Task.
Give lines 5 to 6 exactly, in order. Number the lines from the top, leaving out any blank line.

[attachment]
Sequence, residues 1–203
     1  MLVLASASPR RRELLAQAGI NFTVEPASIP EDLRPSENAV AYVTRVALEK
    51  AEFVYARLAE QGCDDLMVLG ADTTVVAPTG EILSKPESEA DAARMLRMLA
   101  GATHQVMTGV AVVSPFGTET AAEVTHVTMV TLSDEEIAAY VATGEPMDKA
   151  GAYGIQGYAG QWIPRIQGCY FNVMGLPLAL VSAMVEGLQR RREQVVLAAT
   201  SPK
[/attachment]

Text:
   151  GAYGIQGYAG QWIPRIQGCY FNVMGLPLAL VSAMVEGLQR RREQVVLAAT
   201  SPK